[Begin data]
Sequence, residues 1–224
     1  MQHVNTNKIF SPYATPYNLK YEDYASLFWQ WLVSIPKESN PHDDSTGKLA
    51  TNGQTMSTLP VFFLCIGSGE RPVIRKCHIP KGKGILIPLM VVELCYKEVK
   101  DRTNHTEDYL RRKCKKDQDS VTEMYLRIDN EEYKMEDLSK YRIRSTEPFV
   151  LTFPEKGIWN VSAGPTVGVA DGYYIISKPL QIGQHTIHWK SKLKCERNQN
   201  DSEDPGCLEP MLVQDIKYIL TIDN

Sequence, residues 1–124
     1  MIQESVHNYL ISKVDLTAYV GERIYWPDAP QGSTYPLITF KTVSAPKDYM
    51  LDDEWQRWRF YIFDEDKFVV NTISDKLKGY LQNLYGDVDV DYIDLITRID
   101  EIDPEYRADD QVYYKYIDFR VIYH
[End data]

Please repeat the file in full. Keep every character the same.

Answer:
Sequence, residues 1–224
     1  MQHVNTNKIF SPYATPYNLK YEDYASLFWQ WLVSIPKESN PHDDSTGKLA
    51  TNGQTMSTLP VFFLCIGSGE RPVIRKCHIP KGKGILIPLM VVELCYKEVK
   101  DRTNHTEDYL RRKCKKDQDS VTEMYLRIDN EEYKMEDLSK YRIRSTEPFV
   151  LTFPEKGIWN VSAGPTVGVA DGYYIISKPL QIGQHTIHWK SKLKCERNQN
   201  DSEDPGCLEP MLVQDIKYIL TIDN

Sequence, residues 1–124
     1  MIQESVHNYL ISKVDLTAYV GERIYWPDAP QGSTYPLITF KTVSAPKDYM
    51  LDDEWQRWRF YIFDEDKFVV NTISDKLKGY LQNLYGDVDV DYIDLITRID
   101  EIDPEYRADD QVYYKYIDFR VIYH